I’d like to report that my Golani sample worked perfectly out-of-the-box, but it didn’t! I had numerous instances where the bolt rode over the round and didn’t chamber the round. I also had a lot of rounds that would take a dive up, and not chamber, beating the daylight out of those rounds. Usually, when you have feeding problems, it can be traced to a bad magazine – and in this case, it was a bad magazine. The mag that came with my Golani was very rough. I’ve read a number of reports from folks who purchased a Golani having the same problem. Why on earth does Century Arms ship rifles with “iffy” magazines is beyond me – but they did, and still do! Shame on you, Century Arms.
A quick call to my favorite mailorder company, CDNN Sports, and I found some as-new Galil 35-rd mags for $29.99 each, and some in “excellent” condition for $19.99 each, so I ordered half a dozen of the new mags. When the new Galil mags arrived, there were no more feeding problems with my Golani sample. You should also look at a magazine anytime you have feeding problems with any firearms, more often than not, there is a problem with the magazine. I found, upon close examination, that the magazine provided with my Golani rifle had problems – the reinforced top portion of the magazine had split. I had a friend re-weld it, and the mag worked fine after that. I understand that TAPCO is also making a polymer mag for the Golani/Galil rifles, but I haven’t yet used any of them.
Be advised, the Golani 35-rd mags won’t fit in a standard military ALICE M16 magazine pouch. However, you can find ALICE-style AK-47 30-rd magazine pouches from Charley’s Surplus for $12.95 each, that work perfectly for the Golani 35-rd mags (as well for for 30-rd AK-47 mags). The Golani magazines will also fit in some of the tactical vests mag pockets, but not in others.
The safety on the Golani operates just like that on an AK-47, it’s on the right side of the receiver “up” is safe, and “down” is fire. It’s hard to operate with the right hand. There is also an added safety release on the left side (on the top of the pistol grip) but it isn’t very well designed and is also hard to operate.
The sights on the Golani are better than those found on the AK, and you have a long sight radius, giving you a better sight picture, than found on the eastern European and Chinese AK-47s and most of their variants. I also like the longer and more hand-filling pistol grip on the Golani, as compared to the AK-47. There overall feel of the Golani is just one of a very-well made, and solid military-style combat rifle, period!
I tested a selection of .223 ammo through my Golani sample, including various Russian-made ammo, and of course, some outstanding .223 Rem. from Black Hills Ammunition and Winchester’s white box USA brand and had no feeding or functioning problems at all – after I used the better mags from CDNN Sports. Extraction and ejection were to the right and about 20 feet from the rifle. I was getting 3″ groups with most ammo tested, with a couple around just under 3″ with the various Black Hills .223 ammo – the Golani liked the 55-gr bullets best with it’s 1:9 barrel twist. I burned through more than 500-rds of the Winchester white box USA brand 55-gr FMJ ammo with no problems at all…it’s great ammo and I highly recommend it, especially when breaking-in a new firearm. I tried several different jacketed hollow point rounds from Black Hills, and the gun just ate ’em all up without any problems.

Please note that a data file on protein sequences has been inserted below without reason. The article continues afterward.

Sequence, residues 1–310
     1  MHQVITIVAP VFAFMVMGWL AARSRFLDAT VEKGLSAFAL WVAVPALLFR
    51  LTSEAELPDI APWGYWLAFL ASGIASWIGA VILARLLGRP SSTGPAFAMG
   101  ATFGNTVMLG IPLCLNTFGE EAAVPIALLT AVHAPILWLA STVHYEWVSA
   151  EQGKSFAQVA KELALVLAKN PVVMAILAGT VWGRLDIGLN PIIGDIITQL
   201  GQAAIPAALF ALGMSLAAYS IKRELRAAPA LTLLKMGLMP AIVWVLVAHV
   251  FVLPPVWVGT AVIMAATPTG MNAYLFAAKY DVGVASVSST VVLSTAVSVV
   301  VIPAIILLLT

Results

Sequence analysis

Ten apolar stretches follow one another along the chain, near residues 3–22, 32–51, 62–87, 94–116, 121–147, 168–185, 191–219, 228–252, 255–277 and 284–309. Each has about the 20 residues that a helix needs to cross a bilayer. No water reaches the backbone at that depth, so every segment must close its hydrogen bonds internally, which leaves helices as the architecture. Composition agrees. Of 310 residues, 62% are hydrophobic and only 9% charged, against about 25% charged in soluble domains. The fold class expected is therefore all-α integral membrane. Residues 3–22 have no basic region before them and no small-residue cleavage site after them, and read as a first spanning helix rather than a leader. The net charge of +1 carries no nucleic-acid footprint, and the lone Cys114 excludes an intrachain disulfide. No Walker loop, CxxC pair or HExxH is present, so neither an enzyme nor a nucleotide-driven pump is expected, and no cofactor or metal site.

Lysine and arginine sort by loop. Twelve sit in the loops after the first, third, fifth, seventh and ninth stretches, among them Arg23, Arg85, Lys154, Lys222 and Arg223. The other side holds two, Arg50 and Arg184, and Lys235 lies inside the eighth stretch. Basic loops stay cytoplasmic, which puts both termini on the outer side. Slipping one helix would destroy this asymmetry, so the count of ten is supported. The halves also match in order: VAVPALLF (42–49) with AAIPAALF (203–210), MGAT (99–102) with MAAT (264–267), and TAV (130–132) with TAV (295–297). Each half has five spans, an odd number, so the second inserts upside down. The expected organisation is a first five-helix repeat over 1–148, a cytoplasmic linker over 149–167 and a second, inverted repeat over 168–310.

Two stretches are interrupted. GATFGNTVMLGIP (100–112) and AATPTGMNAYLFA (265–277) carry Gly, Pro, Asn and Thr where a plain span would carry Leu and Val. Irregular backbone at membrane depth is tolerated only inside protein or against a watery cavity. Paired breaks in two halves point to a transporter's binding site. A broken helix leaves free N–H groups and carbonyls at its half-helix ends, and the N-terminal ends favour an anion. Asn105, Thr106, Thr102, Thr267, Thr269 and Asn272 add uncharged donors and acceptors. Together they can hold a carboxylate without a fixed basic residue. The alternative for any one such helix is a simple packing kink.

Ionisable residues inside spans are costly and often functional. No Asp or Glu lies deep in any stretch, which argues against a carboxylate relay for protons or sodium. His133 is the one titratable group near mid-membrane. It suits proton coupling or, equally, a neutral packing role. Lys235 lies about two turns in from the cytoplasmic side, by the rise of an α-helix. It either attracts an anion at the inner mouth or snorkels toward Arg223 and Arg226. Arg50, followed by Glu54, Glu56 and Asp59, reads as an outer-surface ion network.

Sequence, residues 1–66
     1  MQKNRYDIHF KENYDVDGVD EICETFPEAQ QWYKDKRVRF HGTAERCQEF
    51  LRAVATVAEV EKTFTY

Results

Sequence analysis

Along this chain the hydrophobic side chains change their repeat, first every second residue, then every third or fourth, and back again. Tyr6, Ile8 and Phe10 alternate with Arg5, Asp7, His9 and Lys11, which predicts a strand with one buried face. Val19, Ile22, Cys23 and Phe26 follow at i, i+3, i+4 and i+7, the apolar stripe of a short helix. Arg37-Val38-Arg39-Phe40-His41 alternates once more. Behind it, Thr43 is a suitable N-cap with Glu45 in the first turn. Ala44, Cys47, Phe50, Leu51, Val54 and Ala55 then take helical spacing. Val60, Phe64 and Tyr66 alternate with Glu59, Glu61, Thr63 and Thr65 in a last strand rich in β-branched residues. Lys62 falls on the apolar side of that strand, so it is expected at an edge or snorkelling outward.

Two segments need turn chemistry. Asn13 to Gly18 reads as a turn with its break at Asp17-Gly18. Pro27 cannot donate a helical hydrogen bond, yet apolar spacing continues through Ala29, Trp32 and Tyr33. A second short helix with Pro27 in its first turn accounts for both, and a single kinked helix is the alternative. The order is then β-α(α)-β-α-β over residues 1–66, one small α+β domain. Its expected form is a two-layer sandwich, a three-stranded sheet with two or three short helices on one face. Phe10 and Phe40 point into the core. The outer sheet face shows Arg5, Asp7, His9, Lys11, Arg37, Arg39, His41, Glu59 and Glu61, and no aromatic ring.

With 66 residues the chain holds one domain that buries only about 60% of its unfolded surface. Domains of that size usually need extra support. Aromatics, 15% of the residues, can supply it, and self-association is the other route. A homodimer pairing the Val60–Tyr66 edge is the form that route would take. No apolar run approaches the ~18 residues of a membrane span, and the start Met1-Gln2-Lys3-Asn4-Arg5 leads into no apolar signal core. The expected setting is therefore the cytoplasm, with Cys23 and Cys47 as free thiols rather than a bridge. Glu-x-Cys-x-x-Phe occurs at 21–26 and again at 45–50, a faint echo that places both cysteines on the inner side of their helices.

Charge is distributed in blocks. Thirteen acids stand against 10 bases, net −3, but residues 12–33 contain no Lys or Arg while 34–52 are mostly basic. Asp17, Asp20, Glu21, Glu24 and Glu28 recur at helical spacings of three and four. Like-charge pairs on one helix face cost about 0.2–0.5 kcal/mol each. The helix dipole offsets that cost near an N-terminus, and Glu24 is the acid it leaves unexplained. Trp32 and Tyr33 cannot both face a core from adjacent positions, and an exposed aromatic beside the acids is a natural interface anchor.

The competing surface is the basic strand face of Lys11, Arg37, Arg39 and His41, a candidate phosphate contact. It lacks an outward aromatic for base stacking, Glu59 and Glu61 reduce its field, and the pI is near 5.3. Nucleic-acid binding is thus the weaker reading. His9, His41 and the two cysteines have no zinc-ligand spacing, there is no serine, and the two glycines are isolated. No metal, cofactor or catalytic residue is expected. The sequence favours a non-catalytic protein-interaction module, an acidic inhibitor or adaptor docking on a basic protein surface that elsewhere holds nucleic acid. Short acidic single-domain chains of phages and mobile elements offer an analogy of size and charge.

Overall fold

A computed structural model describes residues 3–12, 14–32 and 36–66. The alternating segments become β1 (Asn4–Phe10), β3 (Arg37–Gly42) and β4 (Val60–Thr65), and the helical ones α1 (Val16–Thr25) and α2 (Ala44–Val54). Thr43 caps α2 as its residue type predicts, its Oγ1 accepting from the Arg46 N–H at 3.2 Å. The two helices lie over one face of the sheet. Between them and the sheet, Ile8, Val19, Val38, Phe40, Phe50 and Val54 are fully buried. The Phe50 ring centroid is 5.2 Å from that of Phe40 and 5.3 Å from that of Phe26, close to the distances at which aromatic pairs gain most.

If you’re in the market for a great .223/5.56 rifle for survival, or just fun shooting, then take a close look at the Century Arms Golani. I know you won’t be disappointed, once you replace the junk magazine supplied with the rifle, with a like-new mag from CDNN Sports. The good news is that, the Golani is still in-stock and readily available. The bad news is, supplies are limited won’t last forever. Presently, J&G Sales sells the Golani for only $499.99 – and that’s a great deal on a great rifle with a proven design. I’ve dealt with J&G Sales for many years, and they provide excellent customer service and good prices. So, take a close look at the Century Arms Golani for your next purchase. – SurvivalBlog Field Gear Editor Pat Cascio
JWR Adds: In my opinion, Galils, R4s, and Valmets represent the very best in the AK weapons family. We have a Galil Golani here at the ranch. My only complaint is that like a lot of other AKs, it has a wicked trigger backlash “slap” that makes it painful to shoot extensively. But I’ve read that this can be cured fairly easily.